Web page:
- An episode of WordGirl has Becky seeking a pinecone resembling Lincoln as part of a scavenger hunt she's participating in.
- In Recess, T.J. is granted a corn chip in the shape of Lincoln's head for a perceived act of heroism due to his shiner. He hallucinates that the chip is talking to him and Honest Abe is saying he should tell the truth about how he got his black eye.
- Chuckie of Rugrats couldn't sleep because of monsters under his bed. It wasn't a scary, hungry monster under Chuckie's bed, but a colorful sweater curled in such a way that looked like a monster enough to even make Chaz flinch.
- The characters in The Weekenders go to a museum every week to sample ethnic foods. One time when sampling Andean potatoes, one of them found a potato that resembled their friend Lor. Lor didn't see the resemblance, but took offense when the potato was eaten.
- Shake and Carl on Aqua Teen Hunger Force once tried to make a money-making venture out of an oil stain on Carl's driveway that looked like Jesus. It didn't take off.
- In the Phineas and Ferb episode "Unfair Science Fair Redux", Candace accidentally becomes Queen of Mars, and the native martians sculpt the Face on Mars (see below) in her likeness. Unfortunately, it gets zapped by one of Dr. Doofenshmirtz's old -inators before she can show it to her mother, and ends up looking more like "a rhesus monkey wearing a powdered wig" to Linda.
- In Gravity Falls, one of Grunkle Stan's attractions is the Rock-that-Looks-Like-a-Face Rock, the rock that looks like a face. People are having trouble telling whether it is a rock or a face.
Tourist 1: Does it look like a rock?Stan: No, it looks like a face.Tourist 2: Is it a face?Stan: No, it's a rock that looks like a face!(...)Stan: For the fifth time, it's not an actual face!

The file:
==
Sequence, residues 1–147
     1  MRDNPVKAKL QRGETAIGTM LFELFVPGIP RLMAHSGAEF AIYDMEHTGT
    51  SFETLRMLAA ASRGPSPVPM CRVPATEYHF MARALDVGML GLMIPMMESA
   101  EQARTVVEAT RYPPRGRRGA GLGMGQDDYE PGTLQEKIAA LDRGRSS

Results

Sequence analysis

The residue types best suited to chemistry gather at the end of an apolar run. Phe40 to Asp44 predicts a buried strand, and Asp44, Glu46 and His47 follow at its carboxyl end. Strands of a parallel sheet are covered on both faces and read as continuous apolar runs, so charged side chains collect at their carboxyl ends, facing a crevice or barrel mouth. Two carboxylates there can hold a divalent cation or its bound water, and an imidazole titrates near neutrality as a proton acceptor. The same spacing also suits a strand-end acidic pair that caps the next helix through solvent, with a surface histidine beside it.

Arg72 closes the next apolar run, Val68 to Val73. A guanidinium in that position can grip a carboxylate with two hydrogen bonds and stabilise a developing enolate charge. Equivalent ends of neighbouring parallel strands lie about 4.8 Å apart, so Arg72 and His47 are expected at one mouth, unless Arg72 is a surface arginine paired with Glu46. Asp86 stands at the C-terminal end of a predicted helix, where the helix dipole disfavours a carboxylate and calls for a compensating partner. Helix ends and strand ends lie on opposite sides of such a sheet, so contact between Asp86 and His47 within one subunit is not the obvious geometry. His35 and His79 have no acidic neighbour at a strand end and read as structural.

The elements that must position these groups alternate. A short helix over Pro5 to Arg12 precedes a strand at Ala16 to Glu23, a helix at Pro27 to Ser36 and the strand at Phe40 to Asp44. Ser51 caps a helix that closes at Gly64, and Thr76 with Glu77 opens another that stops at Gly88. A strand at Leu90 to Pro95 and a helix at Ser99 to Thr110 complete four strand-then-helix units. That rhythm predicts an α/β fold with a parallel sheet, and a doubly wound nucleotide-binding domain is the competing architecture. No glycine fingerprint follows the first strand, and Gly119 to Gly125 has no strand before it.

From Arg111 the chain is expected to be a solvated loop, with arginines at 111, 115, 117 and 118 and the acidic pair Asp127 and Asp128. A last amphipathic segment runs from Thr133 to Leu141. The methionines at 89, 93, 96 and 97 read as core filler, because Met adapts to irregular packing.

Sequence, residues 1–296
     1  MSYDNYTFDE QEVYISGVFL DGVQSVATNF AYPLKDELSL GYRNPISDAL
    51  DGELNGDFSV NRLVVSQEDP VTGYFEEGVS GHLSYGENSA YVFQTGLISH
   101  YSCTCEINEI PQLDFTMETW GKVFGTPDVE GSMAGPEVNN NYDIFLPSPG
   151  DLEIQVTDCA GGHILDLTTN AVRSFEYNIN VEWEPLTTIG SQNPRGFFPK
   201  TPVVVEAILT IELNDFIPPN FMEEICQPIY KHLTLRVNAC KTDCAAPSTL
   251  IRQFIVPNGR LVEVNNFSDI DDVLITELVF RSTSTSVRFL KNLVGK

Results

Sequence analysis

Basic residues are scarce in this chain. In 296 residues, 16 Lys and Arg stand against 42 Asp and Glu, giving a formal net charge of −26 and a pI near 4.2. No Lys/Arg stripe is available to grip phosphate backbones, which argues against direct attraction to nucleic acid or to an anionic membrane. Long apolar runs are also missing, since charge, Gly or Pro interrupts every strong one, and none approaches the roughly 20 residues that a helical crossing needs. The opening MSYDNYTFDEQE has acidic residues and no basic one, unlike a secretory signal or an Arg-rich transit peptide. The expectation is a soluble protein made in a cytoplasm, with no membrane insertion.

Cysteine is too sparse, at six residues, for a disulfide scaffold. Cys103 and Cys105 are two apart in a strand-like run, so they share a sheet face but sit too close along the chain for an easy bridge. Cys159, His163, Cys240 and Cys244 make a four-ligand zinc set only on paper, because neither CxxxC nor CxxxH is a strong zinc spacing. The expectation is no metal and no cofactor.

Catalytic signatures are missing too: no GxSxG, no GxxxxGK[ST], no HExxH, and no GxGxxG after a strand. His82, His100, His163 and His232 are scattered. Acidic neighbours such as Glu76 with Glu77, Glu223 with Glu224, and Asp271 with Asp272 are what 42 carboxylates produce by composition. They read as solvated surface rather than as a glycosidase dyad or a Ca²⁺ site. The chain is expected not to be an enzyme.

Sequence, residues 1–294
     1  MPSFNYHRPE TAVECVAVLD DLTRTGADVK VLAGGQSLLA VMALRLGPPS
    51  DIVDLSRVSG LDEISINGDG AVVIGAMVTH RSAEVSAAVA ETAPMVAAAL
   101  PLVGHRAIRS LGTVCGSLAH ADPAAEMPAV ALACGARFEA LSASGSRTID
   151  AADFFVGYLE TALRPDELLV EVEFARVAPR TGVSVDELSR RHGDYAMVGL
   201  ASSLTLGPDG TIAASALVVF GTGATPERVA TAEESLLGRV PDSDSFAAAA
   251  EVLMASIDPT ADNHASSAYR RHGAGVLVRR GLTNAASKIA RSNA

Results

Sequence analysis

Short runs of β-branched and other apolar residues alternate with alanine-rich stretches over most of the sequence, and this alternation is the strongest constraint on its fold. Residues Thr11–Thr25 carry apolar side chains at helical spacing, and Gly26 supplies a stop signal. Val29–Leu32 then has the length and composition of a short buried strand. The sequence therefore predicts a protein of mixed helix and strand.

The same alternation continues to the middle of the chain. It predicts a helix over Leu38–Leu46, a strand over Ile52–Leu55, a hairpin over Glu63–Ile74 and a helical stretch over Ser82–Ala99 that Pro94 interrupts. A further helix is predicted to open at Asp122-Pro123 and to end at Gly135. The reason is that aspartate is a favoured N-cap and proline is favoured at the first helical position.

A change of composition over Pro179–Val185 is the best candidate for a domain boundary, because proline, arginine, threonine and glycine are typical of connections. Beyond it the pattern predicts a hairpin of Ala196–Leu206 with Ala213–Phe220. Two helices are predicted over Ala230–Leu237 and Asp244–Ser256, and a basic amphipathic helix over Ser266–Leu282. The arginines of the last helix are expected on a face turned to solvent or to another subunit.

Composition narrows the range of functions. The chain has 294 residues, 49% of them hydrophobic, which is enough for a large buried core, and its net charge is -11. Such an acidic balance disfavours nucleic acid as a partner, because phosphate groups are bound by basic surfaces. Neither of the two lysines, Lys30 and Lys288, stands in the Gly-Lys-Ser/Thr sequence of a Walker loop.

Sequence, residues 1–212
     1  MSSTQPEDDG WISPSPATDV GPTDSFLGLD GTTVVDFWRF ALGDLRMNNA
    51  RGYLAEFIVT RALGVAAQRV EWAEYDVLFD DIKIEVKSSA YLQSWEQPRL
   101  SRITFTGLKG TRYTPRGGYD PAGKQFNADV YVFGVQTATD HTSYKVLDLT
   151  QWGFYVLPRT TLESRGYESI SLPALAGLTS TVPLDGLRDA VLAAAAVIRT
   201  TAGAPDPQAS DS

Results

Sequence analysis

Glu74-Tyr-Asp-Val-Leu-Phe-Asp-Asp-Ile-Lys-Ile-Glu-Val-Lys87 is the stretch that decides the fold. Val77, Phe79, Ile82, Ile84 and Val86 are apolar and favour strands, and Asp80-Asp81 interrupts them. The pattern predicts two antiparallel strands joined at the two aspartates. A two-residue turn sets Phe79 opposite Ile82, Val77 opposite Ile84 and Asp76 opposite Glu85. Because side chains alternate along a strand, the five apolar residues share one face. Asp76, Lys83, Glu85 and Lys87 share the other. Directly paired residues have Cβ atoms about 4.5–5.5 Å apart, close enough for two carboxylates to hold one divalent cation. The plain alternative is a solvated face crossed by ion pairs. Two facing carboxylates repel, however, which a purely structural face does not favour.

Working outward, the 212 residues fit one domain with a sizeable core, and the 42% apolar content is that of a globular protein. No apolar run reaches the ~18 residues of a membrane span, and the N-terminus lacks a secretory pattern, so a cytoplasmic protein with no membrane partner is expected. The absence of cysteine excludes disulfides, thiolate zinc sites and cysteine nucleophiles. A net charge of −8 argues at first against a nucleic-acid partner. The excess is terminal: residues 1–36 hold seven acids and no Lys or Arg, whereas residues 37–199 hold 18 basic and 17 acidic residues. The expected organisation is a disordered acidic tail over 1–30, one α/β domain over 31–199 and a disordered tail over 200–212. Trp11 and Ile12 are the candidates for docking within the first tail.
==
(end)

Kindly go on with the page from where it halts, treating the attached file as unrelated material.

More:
- This is taken to such a length that in Not What He Seems, secret agents are so distracted by the question, they completely ignore Mabel and Dipper slipping into the house.
- My Little Pony: Friendship Is Magic:
- Jesus's Face has been reported found in toasted bread.
- The Face of Mars, which Viking I took pictures of in the 1970s, turns out to be just a mountain with some shadows. This didn't stop rampant speculation about a humanoid civilization that may have lived on Mars.
- The Old Man of the Mountain was a famous New Hampshire rock formation that resembled a human face in profile, when viewed from the north. The formation, which was famous enough to go on the New Hampshire state quarter, collapsed in 2003.
- The Man in the Moon, as well as the Moon Rabbit.
- On July 13th 2015, the first clear images of the dwarf planet Pluto were taken and sent to earth. Many people have noted that it has a light patch on the surface that resembles a heart.
- It's thought that the original trolls (who turn to stone in daylight) were imagined by people seeing rock formations that looked humanoid.
- Automobile manufacturers/designers are well aware of this trope and how people tend to see a "face" on the front of cars (with the headlights as eyes). They've actually started taking this into account in the aesthetics of the design: some cars are meant to look "friendly" or "cool" or "angry" based on the image the company is trying to project for the product.
- Certain face recognition/detection software tend to make false positives - where, if you squint just enough, said false positive kind of does... well, look like a face.